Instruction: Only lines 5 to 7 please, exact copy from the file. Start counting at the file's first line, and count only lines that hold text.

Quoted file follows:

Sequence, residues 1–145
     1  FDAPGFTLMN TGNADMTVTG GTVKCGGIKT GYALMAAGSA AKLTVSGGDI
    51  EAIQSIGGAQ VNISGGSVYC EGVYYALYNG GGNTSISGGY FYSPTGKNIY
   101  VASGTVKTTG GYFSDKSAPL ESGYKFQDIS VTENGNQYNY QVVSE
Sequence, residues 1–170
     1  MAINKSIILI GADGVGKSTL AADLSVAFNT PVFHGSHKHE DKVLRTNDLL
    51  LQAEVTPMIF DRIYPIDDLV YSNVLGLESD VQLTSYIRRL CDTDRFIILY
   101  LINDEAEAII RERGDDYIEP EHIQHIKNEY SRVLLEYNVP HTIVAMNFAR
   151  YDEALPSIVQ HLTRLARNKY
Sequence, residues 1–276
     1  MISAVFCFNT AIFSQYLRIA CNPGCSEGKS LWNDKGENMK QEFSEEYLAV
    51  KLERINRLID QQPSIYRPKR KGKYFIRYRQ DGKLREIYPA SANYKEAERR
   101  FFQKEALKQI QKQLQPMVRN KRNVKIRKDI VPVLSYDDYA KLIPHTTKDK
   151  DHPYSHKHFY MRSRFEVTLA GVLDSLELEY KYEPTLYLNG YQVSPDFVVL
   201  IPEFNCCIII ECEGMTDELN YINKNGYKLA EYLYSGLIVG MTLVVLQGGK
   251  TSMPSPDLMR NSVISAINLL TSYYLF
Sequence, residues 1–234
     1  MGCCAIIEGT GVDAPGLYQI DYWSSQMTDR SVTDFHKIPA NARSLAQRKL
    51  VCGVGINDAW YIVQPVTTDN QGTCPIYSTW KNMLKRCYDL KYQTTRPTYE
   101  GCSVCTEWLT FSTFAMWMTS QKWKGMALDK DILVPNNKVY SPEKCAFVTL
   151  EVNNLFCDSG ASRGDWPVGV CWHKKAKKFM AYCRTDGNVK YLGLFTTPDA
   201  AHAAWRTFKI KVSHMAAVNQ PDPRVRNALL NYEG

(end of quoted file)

Sequence, residues 1–170
     1  MAINKSIILI GADGVGKSTL AADLSVAFNT PVFHGSHKHE DKVLRTNDLL
    51  LQAEVTPMIF DRIYPIDDLV YSNVLGLESD VQLTSYIRRL CDTDRFIILY